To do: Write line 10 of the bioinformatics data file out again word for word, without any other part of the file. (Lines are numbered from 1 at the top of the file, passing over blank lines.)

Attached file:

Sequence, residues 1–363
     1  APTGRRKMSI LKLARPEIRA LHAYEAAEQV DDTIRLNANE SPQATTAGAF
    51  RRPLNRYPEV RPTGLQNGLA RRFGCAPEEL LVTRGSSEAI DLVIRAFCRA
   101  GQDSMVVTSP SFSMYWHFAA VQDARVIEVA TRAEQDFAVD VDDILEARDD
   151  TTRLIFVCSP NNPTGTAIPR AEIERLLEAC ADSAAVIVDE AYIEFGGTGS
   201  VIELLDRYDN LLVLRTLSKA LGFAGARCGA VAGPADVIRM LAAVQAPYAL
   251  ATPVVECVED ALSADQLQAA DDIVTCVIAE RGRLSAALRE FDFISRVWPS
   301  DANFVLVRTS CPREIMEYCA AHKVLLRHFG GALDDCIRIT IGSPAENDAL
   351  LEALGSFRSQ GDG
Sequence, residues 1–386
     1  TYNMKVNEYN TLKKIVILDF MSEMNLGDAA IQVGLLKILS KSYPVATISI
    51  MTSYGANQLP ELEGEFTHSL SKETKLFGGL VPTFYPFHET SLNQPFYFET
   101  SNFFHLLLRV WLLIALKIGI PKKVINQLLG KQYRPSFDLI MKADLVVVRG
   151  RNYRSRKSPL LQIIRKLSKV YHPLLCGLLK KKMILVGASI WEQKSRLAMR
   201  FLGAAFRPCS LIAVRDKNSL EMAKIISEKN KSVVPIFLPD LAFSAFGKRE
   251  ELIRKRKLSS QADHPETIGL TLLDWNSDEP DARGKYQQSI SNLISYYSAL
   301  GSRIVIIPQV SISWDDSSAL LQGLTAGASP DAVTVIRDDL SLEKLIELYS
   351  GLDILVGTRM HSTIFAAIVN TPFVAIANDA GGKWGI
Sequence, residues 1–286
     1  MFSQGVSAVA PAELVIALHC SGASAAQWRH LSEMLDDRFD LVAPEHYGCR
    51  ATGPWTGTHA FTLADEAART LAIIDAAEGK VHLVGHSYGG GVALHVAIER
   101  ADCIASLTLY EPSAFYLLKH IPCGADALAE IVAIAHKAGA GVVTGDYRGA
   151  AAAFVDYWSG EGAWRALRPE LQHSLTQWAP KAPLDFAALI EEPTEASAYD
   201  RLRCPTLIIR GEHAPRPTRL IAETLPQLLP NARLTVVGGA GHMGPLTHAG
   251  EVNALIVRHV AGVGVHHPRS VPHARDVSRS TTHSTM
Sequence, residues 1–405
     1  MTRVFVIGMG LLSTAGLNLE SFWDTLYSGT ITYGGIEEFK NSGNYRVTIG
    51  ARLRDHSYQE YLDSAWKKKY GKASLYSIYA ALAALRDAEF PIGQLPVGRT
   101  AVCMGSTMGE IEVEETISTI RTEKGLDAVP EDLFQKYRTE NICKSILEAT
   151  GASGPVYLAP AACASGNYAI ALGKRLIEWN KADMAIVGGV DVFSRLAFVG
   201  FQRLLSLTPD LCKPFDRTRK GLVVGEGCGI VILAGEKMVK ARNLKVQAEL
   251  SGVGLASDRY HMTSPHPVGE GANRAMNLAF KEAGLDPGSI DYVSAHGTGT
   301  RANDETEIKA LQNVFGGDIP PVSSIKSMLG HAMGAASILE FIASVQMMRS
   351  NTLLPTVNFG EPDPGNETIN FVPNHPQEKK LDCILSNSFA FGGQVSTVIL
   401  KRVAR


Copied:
Sequence, residues 1–386